The problem begins with basic human nature because our unconscious tendency whenever we first meet someone is to use what little we learn about them to fill in the blanks of what we don’t know.
Add “attraction” to the mix, and your mind can be made up before you know it, filling in a ton of blanks in an overly positive way. (Romantics call it “love at first sight.” Psychologists call it the halo effect.)
However, the real problem comes from basing the level of trust we place in someone on the personality profile we’ve created in our minds, instead of basing our level of trust on the actual information we possess.
The Halo Effect in Action
For instance, after meeting someone at a party, you might know the following (concrete facts in bold):
- They are attractive.
- Where they went to school
- Where they work
- They are really attractive.
- Where they grew up
- How many siblings they grew up with
- Their eyes are like pools of love and their smile lights up your life.
- They speak English. And their voice is like that of an angel.
- They know karate. And may be a superhero in disguise.
- You would like to see them in their superhero karate outfit.
Q: How much trust should you be willing to place in a person you know this well?
A: As much as you would any other acquaintance of whom you know fairly little.
However, the summary profile you might construct from your 30 minutes of conversation with this new person reads like this: They are one of the kindest, funniest, smartest, most interesting, most capable people you have ever met in your life. And they might even be the one you’re supposed to marry.
Q: How much trust are you willing to place in a person you describe like this?
A: Enough to give them your heart. And maybe your body.
Love at first sight strikes again!
Yet any of the following information could also be true about the same person:
- They are obsessed with their appearance.
- They barely graduated from school.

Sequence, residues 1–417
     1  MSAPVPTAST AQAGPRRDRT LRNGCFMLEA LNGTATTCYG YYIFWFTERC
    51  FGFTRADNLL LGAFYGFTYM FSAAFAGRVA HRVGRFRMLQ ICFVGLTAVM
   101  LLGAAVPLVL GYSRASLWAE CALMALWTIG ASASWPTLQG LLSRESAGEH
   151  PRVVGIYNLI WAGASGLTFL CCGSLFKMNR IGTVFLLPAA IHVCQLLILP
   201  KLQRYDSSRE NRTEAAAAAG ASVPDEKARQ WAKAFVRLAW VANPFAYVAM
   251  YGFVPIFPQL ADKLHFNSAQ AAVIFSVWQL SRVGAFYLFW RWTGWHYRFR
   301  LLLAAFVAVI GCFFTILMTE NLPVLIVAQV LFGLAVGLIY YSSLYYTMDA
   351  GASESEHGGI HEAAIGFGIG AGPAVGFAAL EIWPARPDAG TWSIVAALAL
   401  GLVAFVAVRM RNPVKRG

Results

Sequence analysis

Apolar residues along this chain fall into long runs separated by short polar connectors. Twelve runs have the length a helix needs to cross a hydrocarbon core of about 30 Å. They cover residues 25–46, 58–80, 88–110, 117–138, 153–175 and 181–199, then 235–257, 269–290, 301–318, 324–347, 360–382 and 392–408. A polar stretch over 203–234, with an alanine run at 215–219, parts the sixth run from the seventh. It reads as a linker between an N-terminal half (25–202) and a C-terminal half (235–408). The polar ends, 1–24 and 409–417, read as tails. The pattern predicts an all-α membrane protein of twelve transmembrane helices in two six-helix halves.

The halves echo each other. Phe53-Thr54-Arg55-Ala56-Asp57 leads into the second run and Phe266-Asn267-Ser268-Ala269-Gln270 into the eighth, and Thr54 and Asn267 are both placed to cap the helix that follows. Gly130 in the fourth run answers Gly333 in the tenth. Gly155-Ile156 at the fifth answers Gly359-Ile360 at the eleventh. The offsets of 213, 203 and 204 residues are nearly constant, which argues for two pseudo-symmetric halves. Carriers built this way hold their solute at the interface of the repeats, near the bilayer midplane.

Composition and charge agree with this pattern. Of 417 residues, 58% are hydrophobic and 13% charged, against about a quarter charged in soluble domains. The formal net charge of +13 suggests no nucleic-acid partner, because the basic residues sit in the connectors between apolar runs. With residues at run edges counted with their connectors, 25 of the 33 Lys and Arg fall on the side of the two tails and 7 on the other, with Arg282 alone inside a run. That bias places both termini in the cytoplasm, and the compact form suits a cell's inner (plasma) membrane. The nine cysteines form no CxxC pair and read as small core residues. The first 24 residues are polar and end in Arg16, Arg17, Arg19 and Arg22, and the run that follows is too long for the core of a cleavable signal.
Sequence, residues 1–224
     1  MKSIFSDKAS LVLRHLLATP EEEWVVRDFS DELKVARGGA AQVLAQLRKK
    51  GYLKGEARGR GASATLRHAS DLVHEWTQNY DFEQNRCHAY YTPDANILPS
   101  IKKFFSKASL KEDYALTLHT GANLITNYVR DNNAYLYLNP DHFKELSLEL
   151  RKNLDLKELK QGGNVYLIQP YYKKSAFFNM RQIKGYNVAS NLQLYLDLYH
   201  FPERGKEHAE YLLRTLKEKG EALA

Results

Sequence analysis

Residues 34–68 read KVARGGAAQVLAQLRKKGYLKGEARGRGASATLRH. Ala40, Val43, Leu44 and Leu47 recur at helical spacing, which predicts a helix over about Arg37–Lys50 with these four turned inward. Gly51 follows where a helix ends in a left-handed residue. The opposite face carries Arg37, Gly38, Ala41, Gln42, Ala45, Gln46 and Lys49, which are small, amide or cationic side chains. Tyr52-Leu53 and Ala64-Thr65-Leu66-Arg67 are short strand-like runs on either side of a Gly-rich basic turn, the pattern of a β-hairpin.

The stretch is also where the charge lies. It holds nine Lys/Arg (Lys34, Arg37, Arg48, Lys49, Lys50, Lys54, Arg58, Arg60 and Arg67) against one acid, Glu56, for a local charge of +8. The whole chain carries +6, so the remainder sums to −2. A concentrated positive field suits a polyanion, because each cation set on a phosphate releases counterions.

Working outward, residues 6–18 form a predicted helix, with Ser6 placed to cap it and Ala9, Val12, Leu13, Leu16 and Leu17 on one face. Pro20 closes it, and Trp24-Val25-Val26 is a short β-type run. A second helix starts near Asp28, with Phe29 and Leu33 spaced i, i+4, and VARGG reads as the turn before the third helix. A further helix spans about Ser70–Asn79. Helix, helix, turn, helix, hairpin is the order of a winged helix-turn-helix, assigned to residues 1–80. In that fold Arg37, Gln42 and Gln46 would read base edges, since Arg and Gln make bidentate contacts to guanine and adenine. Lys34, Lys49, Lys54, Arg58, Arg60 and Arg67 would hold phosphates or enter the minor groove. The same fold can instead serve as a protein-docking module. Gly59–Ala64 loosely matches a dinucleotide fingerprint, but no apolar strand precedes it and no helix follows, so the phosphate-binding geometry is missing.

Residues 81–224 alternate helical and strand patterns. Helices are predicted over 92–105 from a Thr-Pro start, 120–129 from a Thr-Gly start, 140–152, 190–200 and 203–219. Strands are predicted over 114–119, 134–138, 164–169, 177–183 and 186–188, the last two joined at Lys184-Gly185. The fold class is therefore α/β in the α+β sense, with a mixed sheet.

- They have never been happy anywhere they’ve worked.
- Their parents divorced after an affair, and they have never forgiven them.
- One of their siblings is an alcoholic.
- They smile a lot because they believe you have to “fake it to make it.”
- They like to talk a lot and do not listen very well.
- Their interest in karate was inspired by a childhood bully whom they always wanted to wax off.
- They are more likely to be a supervillain than a superhero.
If you had learned all of the above in your first meeting, you might have walked away with an entirely different first impression. But you didn’t, so you didn’t.
Yet you’re already considering what you would name your children.
How to Keep from Being Fooled In Love
If you don’t want to be fooled by a deceiver, then you need to take your time, and proceed with a certain level of caution in every dating relationship, being attuned to these qualities in the person you’re interested in:
- Reliability—Do they consistently meet reasonable expectations?
- Honesty—Do they tell the truth, completely, even when it’s uncomfortable or disadvantages them?
- Clarity—Are misunderstandings so common that you can’t be certain if they keep lying to you or you keep misinterpreting them?
- Commitment—Are they committed to the right people and the right things, even when those commitments cost them more than they anticipated?
- Integrity—Are they the same person in different situations and different relationships, or do they seem more “chameleon-like,” adjusting their behavior to their current environment?
A clear violation of any of the above should suffice as a blazing red flag.
Bottom line, how much you trust someone should be directly tied to how well you actually know them. So keep your eyes and ears wide open on every date. You know, like you were driving a car and could get hurt if you weren’t paying attention.
If you would like an entire book filled with the kind of practical, Biblical wisdom on sex, dating, and relationships you just finished reading, you can get it NOW! The above post is an excerpt from Date Like You Know What You’re Doing: Your DatePrep Guide. Here are other excerpts from the same book.
A dating life that leads to a life-giving, lifelong marriage doesn’t happen by accident. You need to know what you’re doing.
That’s why I wrote Date Like You Know What You’re Doing to empower you to:
- Discern God’s will for your dating life.
- Avoid heartbreak, rejection, and regret.
- Date with confidence and clarity.
- Win the war over sexual temptation.
- Let your marriage hopes inspire, instead of impede your dating life.